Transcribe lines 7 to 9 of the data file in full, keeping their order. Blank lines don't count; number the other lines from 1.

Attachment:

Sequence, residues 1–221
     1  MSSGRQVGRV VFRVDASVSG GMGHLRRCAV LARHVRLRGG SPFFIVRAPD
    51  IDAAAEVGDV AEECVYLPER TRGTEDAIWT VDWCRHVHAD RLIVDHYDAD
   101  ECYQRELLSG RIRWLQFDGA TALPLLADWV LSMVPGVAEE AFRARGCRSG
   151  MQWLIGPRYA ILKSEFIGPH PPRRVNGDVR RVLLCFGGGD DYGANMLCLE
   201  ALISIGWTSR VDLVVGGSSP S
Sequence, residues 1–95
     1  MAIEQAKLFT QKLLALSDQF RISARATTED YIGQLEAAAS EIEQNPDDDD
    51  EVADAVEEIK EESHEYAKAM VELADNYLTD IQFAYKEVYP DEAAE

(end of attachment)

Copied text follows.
Sequence, residues 1–95
     1  MAIEQAKLFT QKLLALSDQF RISARATTED YIGQLEAAAS EIEQNPDDDD
    51  EVADAVEEIK EESHEYAKAM VELADNYLTD IQFAYKEVYP DEAAE